All Weekend, Every Weekend. On C-SPAN3.

American Artifacts: Early Public Affairs Films

First Color Film of a U.S. President - William Taft in 1912

First Color Film of a U.S. President - William Taft in 1912

Culpeper, Virginia
Sunday, July 21, 2013

American History TV visited the Library of Congress Packard Campus to learn about the earliest public affairs films, including U.S. Presidents, the Spanish-American War, World War One, and the first ever political ad, created in 1912 by the Democratic party.  The Library of Congress Packard Campus for Audio-Visual Conservation in Culpeper, Virginia preserves and provides access to the world's largest collection of films, television programs, radio broadcasts and sound recordings. Our guide is Motion Picture Section Head Mike Mashon.

Updated: Monday, July 22, 2013 at 10:08am (ET)

Related Events

American Artifacts: 1930s-40s Color Photographs (Part 1)
Tuesday, December 25, 2012     

During the Great Depression & World War II, photographers working for the Farm Security Administration and later the Office of War Information created about 1,600 color photographs documenting agricultural life & war production in the United States. American History TV visited the Library of Congress to learn about the collection from curator Beverly Brannan. 

American Artifacts: 1930s-40s Color Photographs (Part 2)
Tuesday, December 25, 2012     

In this second of a two-part look at U.S. Government funded color photographs from the Library of Congress, we feature images created for the Office of War Information in the 1940’s. Photographers were assigned to travel the United States and document war production efforts.  Our guide is Curator of Photography Beverly Brannan.

American Artifacts: Liljenquist Civil War Photographs
Sunday, July 17, 2011     

American Artifacts visited the Library of Congress to learn about a new exhibit, "The Last Full Measure: Civil War Photographs from the Liljenquist Family." We spoke with Tom Liljenquist, who explains how – fifteen years ago – his family started collecting photographs of ordinary Union and Confederate soldiers. In 2010, the family donated more than 700 of these ambrotypes and tintypes to the Library of Congress.

The Presidency: George Washington & the Frontier
Sunday     

After the American Revolution – and before he was elected the first president of the United States – George Washington retired from public life. During that time, he traveled to western Virginia to check on his landholdings. Author Edward Larson talks about this journey and how it contributed to Washington’s interest in western expansion and propelled his efforts to link the east and west through the Potomac River. George Washington’s Mount Vernon hosted this event.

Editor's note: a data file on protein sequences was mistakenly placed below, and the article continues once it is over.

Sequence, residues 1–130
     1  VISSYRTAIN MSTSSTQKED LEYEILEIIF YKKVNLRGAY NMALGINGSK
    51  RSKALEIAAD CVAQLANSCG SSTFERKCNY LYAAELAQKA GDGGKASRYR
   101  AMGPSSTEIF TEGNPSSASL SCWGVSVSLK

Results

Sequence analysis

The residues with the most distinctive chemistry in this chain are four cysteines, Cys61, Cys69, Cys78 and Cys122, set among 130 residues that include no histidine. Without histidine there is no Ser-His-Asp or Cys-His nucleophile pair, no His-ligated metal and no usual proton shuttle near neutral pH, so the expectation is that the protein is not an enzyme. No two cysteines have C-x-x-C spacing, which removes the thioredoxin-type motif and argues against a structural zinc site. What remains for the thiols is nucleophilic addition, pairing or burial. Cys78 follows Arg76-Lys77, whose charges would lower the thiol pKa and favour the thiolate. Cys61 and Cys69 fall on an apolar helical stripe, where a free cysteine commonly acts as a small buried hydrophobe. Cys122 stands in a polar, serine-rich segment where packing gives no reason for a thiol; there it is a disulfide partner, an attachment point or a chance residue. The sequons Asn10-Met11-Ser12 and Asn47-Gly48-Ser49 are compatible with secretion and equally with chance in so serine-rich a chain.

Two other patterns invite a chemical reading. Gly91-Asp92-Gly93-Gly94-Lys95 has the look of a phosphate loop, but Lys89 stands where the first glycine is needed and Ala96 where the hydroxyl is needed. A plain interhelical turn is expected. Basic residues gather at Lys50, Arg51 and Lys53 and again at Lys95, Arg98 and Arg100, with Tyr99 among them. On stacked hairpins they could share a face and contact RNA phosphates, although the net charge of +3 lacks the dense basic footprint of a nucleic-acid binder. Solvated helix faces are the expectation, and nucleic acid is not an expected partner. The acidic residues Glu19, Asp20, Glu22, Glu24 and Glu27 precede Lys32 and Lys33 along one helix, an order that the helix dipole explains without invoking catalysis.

JFK Assassination and the CIA
Sunday     

Retired U.S. Army Intelligence officer & former NSA executive assistant John Newman discusses declassified documents and codenames related to the CIA, Cuba & the assassination.  Newman is the author of “JFK and Vietnam” and “Oswald and the CIA.” This is part of an Assassination Archives and Research Center conference marking the 50th anniversary of the release of the Warren Commission Report entitled, “The Warren Report and the JFK Assassination: A Half Century of Significant Disclosures.”  

American Artifacts: Russell Senate Office Building
Sunday     

Opened in 1909, the Russell Senate Office Building relieved crowded conditions in the U.S. Capitol. Senate Historian Donald Ritchie explains why the Senate needed to expand and describes some of the many historic investigations that have taken place in the Senate Caucus Room, including the 1912 Titanic & the 1920s Teapot Dome hearings. This is the first of a two-part program.

Multiracial Coalitions & Civil Rights
Sunday     

A former member of the Black Panther Party, Bill Jennings, joins author Lauren Araiza to discuss multiracial coalitions during the civil rights movements of the 1960s and 70s.

Reel America: "A Time for Choosing" - 1964
Sunday     

On October 27, 1964, future president Ronald Reagan delivered a 30-minute television campaign speech for Republican presidential candidate Barry Goldwater. Later titled the "A Time for Choosing" speech, it raised hundreds of thousands of dollars for the Goldwater campaign and helped launch Reagan's political career.

Harry Truman's World War I Service
Sunday     

Author D.M. (Dennis) Giangreco talks about his book, “The Soldier from Independence: A Military History of Harry Truman.” He explores the story of Truman’s role as a field artillery battery commander in World War I. The Kansas City Public Library co-hosted this event with the Truman Library Institute and the National World War I Museum.

Lectures in History: Modernizing the Home and Workplace
Saturday     

Vanderbilt University professor Sarah Igo talks about the societal shift that occurred during the early 20th century as as modernization impacted businesses and households. Igo focuses on the literary works of individuals such as Christine Frederick, proponent of home economics, and Frederick Winslow Taylor, who sought to improve industrial efficiency. 

Share This Event Via Social Media
American History TV